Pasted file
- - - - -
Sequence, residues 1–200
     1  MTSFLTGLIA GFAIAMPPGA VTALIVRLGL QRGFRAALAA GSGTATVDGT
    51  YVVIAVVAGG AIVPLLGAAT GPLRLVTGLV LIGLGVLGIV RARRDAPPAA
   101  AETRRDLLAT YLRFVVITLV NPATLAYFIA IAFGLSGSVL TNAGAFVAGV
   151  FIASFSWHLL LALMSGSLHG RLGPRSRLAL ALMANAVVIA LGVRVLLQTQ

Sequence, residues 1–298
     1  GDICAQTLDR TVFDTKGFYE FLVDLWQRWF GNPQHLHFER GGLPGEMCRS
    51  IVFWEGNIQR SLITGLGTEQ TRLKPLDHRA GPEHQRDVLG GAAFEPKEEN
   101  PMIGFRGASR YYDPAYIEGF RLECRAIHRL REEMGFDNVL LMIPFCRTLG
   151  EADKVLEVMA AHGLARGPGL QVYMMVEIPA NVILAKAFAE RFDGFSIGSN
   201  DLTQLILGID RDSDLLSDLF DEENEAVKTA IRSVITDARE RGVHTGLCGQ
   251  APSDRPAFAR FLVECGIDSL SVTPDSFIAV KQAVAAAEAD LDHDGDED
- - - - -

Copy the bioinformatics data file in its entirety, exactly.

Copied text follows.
Sequence, residues 1–200
     1  MTSFLTGLIA GFAIAMPPGA VTALIVRLGL QRGFRAALAA GSGTATVDGT
    51  YVVIAVVAGG AIVPLLGAAT GPLRLVTGLV LIGLGVLGIV RARRDAPPAA
   101  AETRRDLLAT YLRFVVITLV NPATLAYFIA IAFGLSGSVL TNAGAFVAGV
   151  FIASFSWHLL LALMSGSLHG RLGPRSRLAL ALMANAVVIA LGVRVLLQTQ

Sequence, residues 1–298
     1  GDICAQTLDR TVFDTKGFYE FLVDLWQRWF GNPQHLHFER GGLPGEMCRS
    51  IVFWEGNIQR SLITGLGTEQ TRLKPLDHRA GPEHQRDVLG GAAFEPKEEN
   101  PMIGFRGASR YYDPAYIEGF RLECRAIHRL REEMGFDNVL LMIPFCRTLG
   151  EADKVLEVMA AHGLARGPGL QVYMMVEIPA NVILAKAFAE RFDGFSIGSN
   201  DLTQLILGID RDSDLLSDLF DEENEAVKTA IRSVITDARE RGVHTGLCGQ
   251  APSDRPAFAR FLVECGIDSL SVTPDSFIAV KQAVAAAEAD LDHDGDED